6 Crazy things you’ll see when teaching in Asia

Ah Asia; from the misty hills of China to the steamy jungles of Sri Lanka, the sleepless parties of the Thai Gulf to the noodle-scented streets of Nam’s ancient cities, this continent rarely fails to enthrall. Today, teaching in Asia is one of the most popular courses of action for recently graduated TEFL-ers, many of whom head for destinations like the fabled Land of Smiles, volcano-topped Indonesia, cutting-edge South Korea, Taiwan, Hong Kong – the list goes on. There’s no question that adventure awaits those who opt to make this corner of the globe their home, along with just a few seriously mind-boggling things you’re bound to see while on the ground. Check them out…


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Elephants in the streets


I remember the first time I spied one of these great beasts roaming the city streets of Asia. It was a hot morning in Udaipur and our rattling rickshaw had just rounded a bend. In the distance, the looming stupa of a Hindu temple could be made out between the twisting incense fumes and steamy bhaji stalls. Right next to it was a great galumphing elephant, painted in glowing neon pinks and yellows. The tuk-tuk driver rolled on like nothing was amiss. I soon realised why: elephants will turn up in urban spots everywhere you can imagine, from Vietnam to Thailand, Burma to Sri Lanka, so be ready to dodge them too if you’re heading for teaching in Asia!


Uber-hi-tech toilets


Okay, so this one’s pretty much solely directed at those people looking to do their teaching in Asia in Japan! And boy is it something you’re bound to notice, because the locals of cities like Tokyo and Kyoto have been working hard to take the WC experience to the next level. Features like automatic seat warming, in-built bidets and fragrance dispensers are all now part and parcel to the Japanese toilet visit. It’s pretty darn cool actually!


teaching in Asia
Scooter in Phuket, Thailand | © Thomas sauzedde/Flickr


A person’s whole life on a scooter


The battle for the record of ‘most things fitted onto a single scooter’ must be a pretty hard-fought between the nations of Southeast Asia. In Vietnam, you’re likely to see whole marketplaces balanced tenuously on two wheels, with the vendors happily packing up and rumbling over the potholed roads of Ho Chi Minh come the end of the day. In Thailand, you might spot the familial scooter: when everyone from the youngest baby to the household dog is perched somewhere on the auto. Laos, Cambodia, Burma all also make an effort, so be ready to witness some serious two-wheel overload!


Respect for monks


Whether it’s a face-painted baba in Jaipur or an orange-robed Buddhist monk next to the age-old temples of Ayutthaya, a revered shaman in the Burmese hills or a Taoist leader in China, you’re bound to notice the great respect in which religious figures are held throughout Asia. It can take some getting used to in some places (giving up the best bus seats for monks in Thailand is just a case in point), but once you get it you’re bound to follow suit.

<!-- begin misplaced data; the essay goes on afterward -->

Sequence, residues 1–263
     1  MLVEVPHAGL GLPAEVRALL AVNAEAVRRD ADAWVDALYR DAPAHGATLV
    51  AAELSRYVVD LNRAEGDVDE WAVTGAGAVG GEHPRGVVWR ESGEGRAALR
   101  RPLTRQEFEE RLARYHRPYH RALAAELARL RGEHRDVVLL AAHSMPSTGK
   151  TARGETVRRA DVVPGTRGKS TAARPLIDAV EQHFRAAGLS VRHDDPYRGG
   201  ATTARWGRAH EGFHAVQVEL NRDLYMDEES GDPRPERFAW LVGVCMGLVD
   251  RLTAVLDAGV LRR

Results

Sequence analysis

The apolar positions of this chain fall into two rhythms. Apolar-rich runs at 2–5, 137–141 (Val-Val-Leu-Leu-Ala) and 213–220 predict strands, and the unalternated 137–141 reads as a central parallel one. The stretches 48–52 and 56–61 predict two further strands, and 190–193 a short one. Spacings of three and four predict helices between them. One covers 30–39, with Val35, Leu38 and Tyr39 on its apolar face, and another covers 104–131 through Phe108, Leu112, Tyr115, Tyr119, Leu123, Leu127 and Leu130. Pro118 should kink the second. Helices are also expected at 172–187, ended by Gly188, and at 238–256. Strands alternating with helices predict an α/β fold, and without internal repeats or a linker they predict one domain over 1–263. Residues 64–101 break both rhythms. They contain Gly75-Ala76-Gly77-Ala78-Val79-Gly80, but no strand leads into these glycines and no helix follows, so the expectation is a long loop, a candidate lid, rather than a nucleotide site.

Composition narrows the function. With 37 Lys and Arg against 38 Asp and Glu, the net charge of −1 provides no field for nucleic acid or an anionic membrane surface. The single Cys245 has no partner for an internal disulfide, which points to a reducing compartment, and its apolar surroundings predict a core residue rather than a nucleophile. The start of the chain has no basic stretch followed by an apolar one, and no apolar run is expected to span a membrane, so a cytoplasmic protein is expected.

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21 EMU local in new avatar | © Smeet Chowdhury/Flickr


People on the train roof


Even though Indian authorities have been desperately trying to ban folk form riding on any part of train exteriors, it’s likely that you’re going to see one or two people throwing caution to the wind and mounting the top of a locomotive if you opt to do your TEFL teaching in Asia on the subcontinent. And even if you don’t, you can still expect to witness passengers hopping on and off carriages while they’re moving, or jumping aboard trains when they haven’t even reached a complete stop at the stations. It’s just the done thing.


Century eggs


It would be a crime to collate the weirdest and most wonderful things in Asia without at least a nod to the region’s boundary-breaking kitchen. And what better culinary delight to do that with than the century egg? These (in)famous little treats, considered a delicacy and also called just the pidan, are particularly popular in China and Vietnam. They are made by preserving the egg yolk in layers of ash or clay. That’s then left for up to nine months, to, erm…mature. The finished product is an emerald-green ball with a potent odour. Hungry anyone?


Teaching in Asia
Century egg | © Brett Hodnett/Flickr




If you can think of any other crazy and cool things you’ll only get to see while teaching in Asia then we’d love to hear about them in the comments below! Or, if you think it’s time to get TEFL qualified and start your own teaching in Asia adventure, check out our range of courses


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